National Football League
Vick looked bad, but Reid was worse
National Football League

Vick looked bad, but Reid was worse

Published Sep. 11, 2012 1:00 a.m. ET

Dear Jason,
It was wonderful spending time with you at the Olympics. I enjoyed reading your column about Serena’s Crip Walk at Wimbledon. But it’s football season, and I really need to hear the truth about the NFL season.
Queen Elizabeth II

Your NFL Truths for Week 1:

10. The most significant QB performance of the weekend did not belong to Peyton Manning or Robert Griffin III or Tony Romo. Michael Vick had the performance we can read into, the performance that potentially foreshadows the rest of the season.

It was laughable reading stories about Andy Reid defending Vick’s performance. Andy Reid needed to be defending his own performance.


Let me explain. I don’t want to shift focus away from Vick’s awful performance. He was bad. Really bad. But Reid was every bit as bad as Vick. Reid and offensive coordinator Marty Mornhinwheg were absolutely clueless on Sunday. Philly’s pass protection was non-existent in the first quarter. Vick took some big hits and was seemingly harassed on every play. Vick and Philly’s offensive line needed to be bailed out by LeSean McCoy.

Reid refused to run the football. The Eagles kept throwing and Vick kept getting hit and more frustrated. Vick is undersized and, for the first time in his career, he can’t simply rely on his legs to fix problems created by his arm. Vick desperately needs the support of a strong running back-led running game. He’s a bootleg, play-action passer. He doesn’t move linebackers and the secondary with his eyes and clever pump fakes. He’s not that kind of QB. He can only fool linebackers with play-action passing. The threat of McCoy is the key to creating passing windows for Michael Vick. This is not some CIA secret.

Andy Reid is the only person on the planet who refuses to accept this simple fact.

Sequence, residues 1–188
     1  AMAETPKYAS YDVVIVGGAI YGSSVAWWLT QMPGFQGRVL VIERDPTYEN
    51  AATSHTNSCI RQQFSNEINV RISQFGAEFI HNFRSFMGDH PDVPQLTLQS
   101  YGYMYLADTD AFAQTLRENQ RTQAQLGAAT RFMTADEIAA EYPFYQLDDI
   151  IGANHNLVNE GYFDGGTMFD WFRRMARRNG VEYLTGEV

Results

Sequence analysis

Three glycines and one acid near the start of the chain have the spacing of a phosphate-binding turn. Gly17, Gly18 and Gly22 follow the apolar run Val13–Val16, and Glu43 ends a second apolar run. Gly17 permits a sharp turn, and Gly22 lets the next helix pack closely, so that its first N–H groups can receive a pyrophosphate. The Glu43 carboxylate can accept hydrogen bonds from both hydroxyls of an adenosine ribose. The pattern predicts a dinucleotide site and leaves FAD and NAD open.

In a tight game the Eagles led for much of the day, Reid waited until the fourth quarter, until after Vick’s fourth interception, to realize he needed to feature McCoy. Vick threw the ball 56 times on a day McCoy averaged 5.5 yards per carry.

Andy Reid is a moron. I mean that. I don’t care how many regular-season games he’s won. Or maybe Reid wants Vick carried off on a cart so the Eagles can switch to a quarterback who can actually play the game from the pocket with some savvy.

9. If the league is serious about player safety, one of the easiest and most effective things it could do is expand NFL rosters to 60 players and let them all dress and participate on game day.

Right now, NFL rosters are capped at 53 players and 46 players are active on game day. Each team is allowed to maintain an eight-man practice squad. I’d expand the roster to 60 and the practice squad to 10. I’ve never understood how NFL teams practiced with just 60 players. A college team will use all 100 players during a typical two-hour practice.

Another twist I’d add is I’d make a rule that all position players -- except QBs, kickers and long snappers -- must play an entire series each half or a minimum of five offensive or defensive plays each half. Each position would have a backup and the reserves (except QB) would be required to play. So that’s 42 position players -- a starter and a backup at every position except QB -- that must play. A team would carry three QBs, a punter, a kicker and two long snappers. That’s 49 players. The other 11 players would be listed as special-teams players. Unless there’s an injury, these players would solely play on special teams.